Indian elephant

Achtung!  I am Obersturmbannführer Fahrpackung, and this guide has been written to impart some advice on what to pack on a typical backpacking trip.  In my time I’ve been away on two year-long periods of travel, and as a result I reckon I have a good idea of what should come along with me and what should be left in the cupboard.

In all seriousness, even though I am a self-confessed Packing Nazi, bear in mind that packing lists are subjective things that can vary wildly depending on your personal requirements and itinerary.  The following is a guide with suggestions, not the gospel truth.  With that in mind, let’s get started.

  • Backpack

BackpackSize matters.  The behemoth 100-litre backpack you pick off the shelf and model in your local outdoor store may look great, but you won’t be so pleased with your choice when it’s chock-full of 25 kilograms of crap and you’re lugging it down the street on the way to your next hostel in a rainstorm, or shoving it into the compartment under a puttering bus.  The smaller the backpack you bring with you, the easier it will be to manage on your trip.  I would strongly recommend aiming for a backpack of carry-on size, which is approximately 22″ x 14″ x 9″ (although it varies; check your airline) and equates to a capacity of around 40 litres.  A carry-on-sized pack allows you to have your stuff on you at all times – no checking it in on airplanes, no waiting around for it when landing, and no putting it into distant bus or train compartments where you don’t have your eyes on it.

  • Clothes

ClothesPacking clothes for a trip requires you to suspend all knowledge about your wardrobe habits back home and seek a new practicality. You can only wear one set of clothes at a time, so why would you need more than a few days’ worth of clothes in your pack? I bring enough clean clothes for four or five days on the road, and even that’s too many for some hardcore light packers. I choose clothes that are light and quick-drying; no jeans allowed. Here’s my typical travelling wardrobe for a hot climate:

  • 4 t-shirts
  • 1 long-sleeved shirt
  • 1 pr. trousers
  • 1 pr. swimming shorts
  • 4 or 5 pairs of undercrackers
  • 1 light fleece
  • 1 pr. sandals
  • All folded or rolled up and placed in an Eagle Creek packing cube.

Bringing anything more than that doesn’t make sense to me when you can get your clothes laundered, dried and folded for you for pennies in India. Of course, if you’re going up into the mountains, you’ll need proper cold weather gear – a thicker fleece, a Goretex jacket, thick socks, sturdy shoes and the like.

  • Washkit and Travel Towel

ElectronicsAgain, simplicity is key. I have a simple roll-up washkit with various compartments, which I first travel with empty and then stock up when I reach my destination. I carry deodorant (just because you travel light doesn’t mean you have to be a stinking hippy), small-sized shampoo, shower gel or a small bar of soap in a soap box, toothbrush, toothpaste, Acuvue contact lenses, razor. I accompany my washkit with a travel towel, which is tiny, ultra-absorbent and quick-drying. It’s a bit of an odd sensation at first to use – it’s a bit like a chamois leather you’d use on a car – but you get used to it after a few times. Running a brand new towel through the wash a few times before using it helps break it in.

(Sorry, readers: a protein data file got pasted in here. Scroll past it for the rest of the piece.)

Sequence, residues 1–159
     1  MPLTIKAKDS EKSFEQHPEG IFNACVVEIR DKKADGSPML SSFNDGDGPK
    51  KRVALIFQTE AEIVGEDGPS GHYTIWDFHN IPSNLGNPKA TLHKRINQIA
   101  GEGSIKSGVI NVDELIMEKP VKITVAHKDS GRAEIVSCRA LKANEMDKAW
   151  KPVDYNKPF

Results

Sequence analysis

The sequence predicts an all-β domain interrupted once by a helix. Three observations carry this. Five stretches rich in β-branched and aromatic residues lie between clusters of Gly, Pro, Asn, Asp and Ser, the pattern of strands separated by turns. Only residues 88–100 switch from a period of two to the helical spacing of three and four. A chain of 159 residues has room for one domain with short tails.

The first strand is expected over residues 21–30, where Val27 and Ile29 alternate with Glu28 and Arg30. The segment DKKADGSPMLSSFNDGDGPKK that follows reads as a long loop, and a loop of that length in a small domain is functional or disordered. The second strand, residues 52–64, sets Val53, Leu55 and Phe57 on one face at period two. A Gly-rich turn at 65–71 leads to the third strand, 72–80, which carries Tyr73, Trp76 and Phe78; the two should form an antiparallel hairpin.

• Electronics

ElectronicsThe less electronics gear you bring, the less likely it’ll get stolen, lost or broken. I’m a geek who loves gadgets, but I limit myself to a cheap, small (but good quality) point-and-shoot digital camera and an mp3 player. I believe both of these items are essential for backpackers, unless you have a photographic memory or like staring out of the window on long journeys. I also travel with a laptop, but that’s only because I absolutely need one, as I work along the way. I wouldn’t bring one if I didn’t; too pricey and too easily broken (as experience tells me).

  • First Aid Kit

First Aid KitI carry a small medical kit with just the basics: plasters, antiseptic cream, Immodium, rehydration sachets, malaria medication if relevant for the destination. I don’t carry sterile syringes, but then I don’t tend to go off into the wilderness much, generally staying in or around tourist areas.

  • Umbrella

Travel UmbrellaIn a hot climate a small travel umbrella does a perfectly good job at keeping the (monsoon) rain off you. I find rainjackets too bulky to bring, and even breathable ones can make you feel hot and clammy. A travel umbrella is compact and can easily be stuffed down the side of your bag and forgotten about until the heavens open.

  • A Container For Everything Else

ContainerAll of my odds and ends live in a tupperware box at the bottom of my bag, which includes things like a pocket torch, multiplug travel adapter, cables/chargers for electronics, vaccination book, and other random small items.

As I said, this is what I’ve found works for me, but this packing list might not necessarily work for your circumstances or chosen destination. Often the only way to discover how you can best pack for an extended trip is by experience, learning what you use on the road and what permanently stays in your bag.